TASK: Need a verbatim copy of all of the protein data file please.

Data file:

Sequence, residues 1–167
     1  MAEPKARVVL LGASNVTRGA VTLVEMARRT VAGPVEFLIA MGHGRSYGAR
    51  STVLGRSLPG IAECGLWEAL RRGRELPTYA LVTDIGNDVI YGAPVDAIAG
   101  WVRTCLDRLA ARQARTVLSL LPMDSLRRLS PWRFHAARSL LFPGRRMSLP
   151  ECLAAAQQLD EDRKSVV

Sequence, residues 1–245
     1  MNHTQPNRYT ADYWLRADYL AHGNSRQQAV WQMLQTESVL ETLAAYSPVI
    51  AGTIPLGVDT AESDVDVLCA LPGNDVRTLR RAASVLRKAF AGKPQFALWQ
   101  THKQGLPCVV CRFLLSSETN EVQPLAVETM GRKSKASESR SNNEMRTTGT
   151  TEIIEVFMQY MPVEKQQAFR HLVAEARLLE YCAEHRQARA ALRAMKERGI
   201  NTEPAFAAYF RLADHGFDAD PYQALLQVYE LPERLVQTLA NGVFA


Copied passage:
Sequence, residues 1–167
     1  MAEPKARVVL LGASNVTRGA VTLVEMARRT VAGPVEFLIA MGHGRSYGAR
    51  STVLGRSLPG IAECGLWEAL RRGRELPTYA LVTDIGNDVI YGAPVDAIAG
   101  WVRTCLDRLA ARQARTVLSL LPMDSLRRLS PWRFHAARSL LFPGRRMSLP
   151  ECLAAAQQLD EDRKSVV

Sequence, residues 1–245
     1  MNHTQPNRYT ADYWLRADYL AHGNSRQQAV WQMLQTESVL ETLAAYSPVI
    51  AGTIPLGVDT AESDVDVLCA LPGNDVRTLR RAASVLRKAF AGKPQFALWQ
   101  THKQGLPCVV CRFLLSSETN EVQPLAVETM GRKSKASESR SNNEMRTTGT
   151  TEIIEVFMQY MPVEKQQAFR HLVAEARLLE YCAEHRQARA ALRAMKERGI
   201  NTEPAFAAYF RLADHGFDAD PYQALLQVYE LPERLVQTLA NGVFA